After a night in a dorm in the base camp, we began our ascent. This was a medium difficulty, rocky climb to the high camp at 5300m. Usually, I would not have found this a problem, but today my back was suffering. I had been white-water rafting just a week before in Cusco, and had somehow hurt my back. Walking around the streets of La Paz, the pain had appeared to have gone, but hiking up a mountain gave my spine different ideas. I was moving slowly, not helped by the occasional altitude-related headache (though the coca sweets helped), and I even had to suffer the shame of having to hire a porter for my rucksack. But Ciarán waited for me. After one huge and painful leap up a rock, I flung my arms around him and thanked him, the rest of the group including the guides now so far ahead that we couldn’t even see them. He rested his head on mine and our hug lasted longer than it needed to. When we pulled away, I noticed that he had a really lovely smile.

That night was cold. The six of us plus our three guides were in a one-room aluminium hut, each of us wearing our thermals and many other layers of clothing. I can’t possibly have looked at my most attractive in that enormous coat and ski hat and, unshowered that day, I didn’t need a mirror to tell me that my cheeks were rosy and my hair a mess.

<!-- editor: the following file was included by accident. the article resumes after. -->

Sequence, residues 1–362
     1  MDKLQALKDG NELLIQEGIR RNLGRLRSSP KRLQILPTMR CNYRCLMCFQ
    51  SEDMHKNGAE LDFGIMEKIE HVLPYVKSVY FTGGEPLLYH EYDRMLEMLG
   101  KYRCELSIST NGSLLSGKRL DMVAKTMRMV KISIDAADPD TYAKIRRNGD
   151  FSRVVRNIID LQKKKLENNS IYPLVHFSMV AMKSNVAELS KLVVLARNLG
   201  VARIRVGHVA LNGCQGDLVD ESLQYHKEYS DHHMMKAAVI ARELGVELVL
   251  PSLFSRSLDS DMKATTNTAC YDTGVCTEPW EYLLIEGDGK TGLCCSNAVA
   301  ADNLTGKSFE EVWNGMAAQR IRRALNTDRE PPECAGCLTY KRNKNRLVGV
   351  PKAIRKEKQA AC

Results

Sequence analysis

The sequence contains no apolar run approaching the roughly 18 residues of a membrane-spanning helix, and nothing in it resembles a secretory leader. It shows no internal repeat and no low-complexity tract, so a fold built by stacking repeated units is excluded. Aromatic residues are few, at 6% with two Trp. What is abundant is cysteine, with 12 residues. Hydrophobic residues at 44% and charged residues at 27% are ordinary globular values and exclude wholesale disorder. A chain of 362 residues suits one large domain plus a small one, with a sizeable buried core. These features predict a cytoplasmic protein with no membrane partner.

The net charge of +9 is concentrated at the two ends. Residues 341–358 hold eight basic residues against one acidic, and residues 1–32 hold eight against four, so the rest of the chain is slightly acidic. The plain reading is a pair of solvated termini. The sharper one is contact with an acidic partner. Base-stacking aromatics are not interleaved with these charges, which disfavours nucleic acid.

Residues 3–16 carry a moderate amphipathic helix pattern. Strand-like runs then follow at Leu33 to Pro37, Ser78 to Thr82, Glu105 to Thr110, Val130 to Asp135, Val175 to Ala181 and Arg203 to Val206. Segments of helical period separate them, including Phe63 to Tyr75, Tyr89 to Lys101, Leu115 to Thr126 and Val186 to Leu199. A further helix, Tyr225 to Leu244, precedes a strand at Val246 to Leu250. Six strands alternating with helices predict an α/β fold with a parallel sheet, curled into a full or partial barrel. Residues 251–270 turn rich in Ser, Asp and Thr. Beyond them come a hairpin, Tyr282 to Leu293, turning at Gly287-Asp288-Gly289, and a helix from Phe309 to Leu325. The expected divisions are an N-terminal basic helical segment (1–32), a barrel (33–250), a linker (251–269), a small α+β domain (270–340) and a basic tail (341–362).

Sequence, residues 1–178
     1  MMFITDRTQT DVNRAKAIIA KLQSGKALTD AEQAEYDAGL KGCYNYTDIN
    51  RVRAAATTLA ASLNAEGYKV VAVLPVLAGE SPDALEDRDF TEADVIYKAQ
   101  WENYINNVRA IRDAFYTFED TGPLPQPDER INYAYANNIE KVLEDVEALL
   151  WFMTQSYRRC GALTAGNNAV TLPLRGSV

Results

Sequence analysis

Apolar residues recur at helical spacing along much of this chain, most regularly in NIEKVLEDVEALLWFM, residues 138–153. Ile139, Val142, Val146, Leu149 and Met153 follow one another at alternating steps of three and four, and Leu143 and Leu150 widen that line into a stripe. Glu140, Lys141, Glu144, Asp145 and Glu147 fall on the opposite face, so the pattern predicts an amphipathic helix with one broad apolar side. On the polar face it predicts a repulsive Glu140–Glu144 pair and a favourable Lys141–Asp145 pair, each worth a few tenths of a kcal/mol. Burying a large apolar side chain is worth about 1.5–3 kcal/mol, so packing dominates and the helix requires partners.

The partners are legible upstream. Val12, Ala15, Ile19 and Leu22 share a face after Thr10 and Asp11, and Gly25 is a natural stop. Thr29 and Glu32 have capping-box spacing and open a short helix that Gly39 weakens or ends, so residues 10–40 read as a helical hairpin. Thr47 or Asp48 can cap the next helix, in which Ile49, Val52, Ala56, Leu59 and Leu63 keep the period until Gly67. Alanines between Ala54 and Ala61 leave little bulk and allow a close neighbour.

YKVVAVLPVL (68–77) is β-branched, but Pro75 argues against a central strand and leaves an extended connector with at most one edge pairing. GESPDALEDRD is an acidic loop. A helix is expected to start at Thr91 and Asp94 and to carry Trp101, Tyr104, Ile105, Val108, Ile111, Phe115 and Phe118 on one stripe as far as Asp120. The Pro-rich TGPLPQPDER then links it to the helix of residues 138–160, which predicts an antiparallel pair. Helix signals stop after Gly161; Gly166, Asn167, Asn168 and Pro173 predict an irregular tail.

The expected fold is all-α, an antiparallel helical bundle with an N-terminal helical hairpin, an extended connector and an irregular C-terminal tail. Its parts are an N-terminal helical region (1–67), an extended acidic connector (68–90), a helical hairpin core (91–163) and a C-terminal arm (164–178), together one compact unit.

At 6pm, it was time for bed, and we each locked ourselves into our four-season sleeping bags. I had opted to sleep in the middle of the group (for purposes of warmth), and Ciarán had known from our minimal eye conversation that he should choose to go next to me. We lay facing each other, our eyes opening and closing slowly, and we giggled quietly together at the snoring that began all around us. Each of us took it in turns to shuffle, pretending that we were just trying to become more comfortable, but each time snuggling ever closer until our sleeping bags were touching. Eventually, we both freed a hand and we clasped. Then, right there in this tiny cabin at 5300m, at the foot of the glacial part of a mountain in Bolivia, we kissed.